It’s early November and the Montreal Canadiens (6-8-1) appear to finally be climbing out of the massive grave they dug for themselves with their worst start to a season in 76 years.
Montreal’s 2-0 win over the Chicago Blackhawks Sunday was their fifth in their last seven games, pulling them to within three points of the Toronto Maple Leafs for third place in the Atlantic Division. We know this may seem trivial to mention at this point of the season, but in a few days you can read what our very own Elliotte Friedman has to say about teams not being in a playoff spot by American Thanksgiving. It’s a stat Friedman cites in his 30 (now 31) Thoughts column every year, and let’s just say it’s not too flattering to teams who aren’t locking down a post-season berth on USA Turkey Day (which falls on Nov. 23 this year).
We won’t steal Friedman’s thunder. We’ll let him tell you just how unflattering it is.
But Sunday’s win—which followed Saturday’s dramatic one over the Winnipeg Jets—feels like a huge one for the Canadiens, who are opening up a six-game home stand at the Bell Centre this coming Tuesday. Let’s delve into some takeaways from it.
Charlie Lindgren is perfect
With Canadiens goaltender Carey Price nursing a lower-body injury (a suspected minor knee injury, according to Hockey Night in Canada panelist Nick Kypreos), Lindgren was recalled on Saturday on an emergency basis.
He was named the starter for Sunday’s game late in the afternoon, and he responded with his first-ever shutout on the strength of a 38-save performance. He’s now has a perfect 4-0 record in the NHL.
When Lindgren was sent down to the AHL’s Laval Rocket after training camp, everyone in the Canadiens organization—from coach Claude Julien to director of player personnel Martin Lapointe—said that the 23-year-old Minnesotan was ready to be an NHL goaltender. But his start to the season in Laval left a little bit (a lot) to be desired, going 3-3 in nine appearances, and sporting an .885 save percentage.
But you could see Sunday’s performance coming if you were paying close enough attention to recent Rocket games. Lindgren had a .912, a .917, a .929, and a .906 save percentage in the four games he played prior to being called up by the Canadiens.
From the second he stopped Chicago star Patrick Kane on two chances in close at the beginning of the game to the time he made his last save of the night—a 10-beller off Richard Panik—he looked exceptional.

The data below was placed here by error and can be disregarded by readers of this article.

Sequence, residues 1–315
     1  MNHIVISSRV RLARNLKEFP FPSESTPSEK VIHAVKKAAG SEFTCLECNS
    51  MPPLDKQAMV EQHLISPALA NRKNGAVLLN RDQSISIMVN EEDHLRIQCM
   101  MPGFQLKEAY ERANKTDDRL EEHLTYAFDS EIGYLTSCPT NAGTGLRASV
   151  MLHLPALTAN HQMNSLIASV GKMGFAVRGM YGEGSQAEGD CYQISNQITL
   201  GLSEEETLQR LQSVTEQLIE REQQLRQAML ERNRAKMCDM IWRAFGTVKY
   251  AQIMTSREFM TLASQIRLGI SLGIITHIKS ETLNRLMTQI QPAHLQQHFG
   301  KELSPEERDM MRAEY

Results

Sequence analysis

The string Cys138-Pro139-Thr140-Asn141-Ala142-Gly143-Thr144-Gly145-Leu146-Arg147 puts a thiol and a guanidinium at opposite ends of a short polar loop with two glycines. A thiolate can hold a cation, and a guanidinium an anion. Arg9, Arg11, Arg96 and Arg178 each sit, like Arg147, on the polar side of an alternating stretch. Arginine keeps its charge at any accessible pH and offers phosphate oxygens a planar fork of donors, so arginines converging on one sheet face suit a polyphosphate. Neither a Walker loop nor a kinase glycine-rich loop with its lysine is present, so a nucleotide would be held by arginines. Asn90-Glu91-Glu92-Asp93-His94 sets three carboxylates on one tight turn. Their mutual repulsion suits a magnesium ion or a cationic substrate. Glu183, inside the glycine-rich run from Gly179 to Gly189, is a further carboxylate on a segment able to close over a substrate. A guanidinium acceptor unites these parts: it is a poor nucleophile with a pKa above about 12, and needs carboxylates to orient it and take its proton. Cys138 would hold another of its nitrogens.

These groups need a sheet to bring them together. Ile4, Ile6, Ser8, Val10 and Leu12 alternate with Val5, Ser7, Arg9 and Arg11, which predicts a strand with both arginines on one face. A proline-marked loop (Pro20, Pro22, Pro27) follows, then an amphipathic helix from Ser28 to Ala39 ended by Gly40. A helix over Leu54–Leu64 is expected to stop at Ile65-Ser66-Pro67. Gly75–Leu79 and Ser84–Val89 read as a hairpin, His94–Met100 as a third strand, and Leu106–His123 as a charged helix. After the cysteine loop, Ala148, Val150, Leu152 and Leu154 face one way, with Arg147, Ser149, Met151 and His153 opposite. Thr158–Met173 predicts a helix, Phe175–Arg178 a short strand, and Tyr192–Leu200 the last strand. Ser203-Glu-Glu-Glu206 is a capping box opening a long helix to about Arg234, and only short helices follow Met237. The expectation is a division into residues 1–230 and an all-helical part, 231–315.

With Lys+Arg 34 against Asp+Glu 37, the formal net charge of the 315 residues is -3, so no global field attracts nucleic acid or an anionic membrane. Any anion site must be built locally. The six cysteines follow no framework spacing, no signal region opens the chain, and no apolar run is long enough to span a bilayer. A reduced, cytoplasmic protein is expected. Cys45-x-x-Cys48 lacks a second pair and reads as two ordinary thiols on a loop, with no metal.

Probably a safe bet that Lindgren will get the nod on Tuesday.
Habs finally beat Corey Crawford
The Chicago netminder, born and raised just outside of Montreal, was previously 8-0-2 against the Canadiens.
Crawford had a .954 save percentage and a 1.49 goals against average against his hometown team and was riding a two-game shutout streak coming into Sunday’s action. He hadn’t allowed a goal in nearly a 173 minutes, when Jonathan Drouin put the Canadiens up 1-0 in the third period.
Canadiens defenceman Joe Morrow notched the insurance marker with just over 12 minutes remaining in the game.
Victor Mete’s ice-time dips again
It’s the number you pay the most attention to when you’re evaluating a 19-year-old defenceman who has cracked an NHL roster.
After Montreal’s Victor Mete played a season-low 10:56 against Winnipeg Saturday he was used for just 10:04 against the Blackhawks on Sunday.
Outside of Shea Weber, Mete’s been Montreal’s most reliable defenceman this season. But if he can’t work his way back into a more considerable role over the next number of games after being pushed down the lineup, you have to wonder how much longer he’ll stick around with the big club.
Mete’s already played in 10 games so his entry-level contract has officially begun. But he’s not assured to remain with the Canadiens until he gets passed the 40-game mark, which would get him to arbitration rights and unrestricted free agency a year sooner than normal.
Meanwhile David Schlemko, who was acquired from the Vegas Golden Knights this past summer and has been sidelined by a broken hand since the first week of training camp, is on the mend.
Drouin-Galchenyuk combo makes good against their idols
Alex Galchenyuk has always idolized Kane. This much is pretty well known by Canadiens fans. You can see the similarities in their games (obviously Kane is much more accomplished). Both are shifty, creative and capable of changing the complexion of a game within instants. Both are dynamic playmakers who can score, too.
But not a lot of people around Montreal know that Jonathan Drouin idolizes Jonathan Toews.
When we sat down with Drouin to gather this scouting report on the Eastern Conference’s top centres, we asked him which centre he was most looking forward to squaring off against in his first season playing the position in the NHL.
"I know he doesn’t play in the East, but for me it’s probably Jonathan Toews," Drouin said. "He does everything the right way, he’s very tough, and I just have so much respect for the way he plays."
We have no doubt Sunday’s game was particularly special for Drouin and Galchenyuk, who combined on the winning goal 1:54 into the third period.
Former Hawks come up big
Andrew Shaw won two Stanley Cups with the Hawks before being traded to the Canadiens two summers ago, and current linemate Phillip Danault was drafted 26th overall by Chicago in 2011.
Both players made their mark in Sunday’s game. Shaw helped clear the defensive zone, leading to the rush that Drouin scored on. He also set the screen on Morrow’s later in the period, giving his former teammate no chance to make the save. Danault set up Morrow’s goal and came up with a huge shot block on Michal Kempny with less than five minutes remaining as the Hawks were making a push to even things up.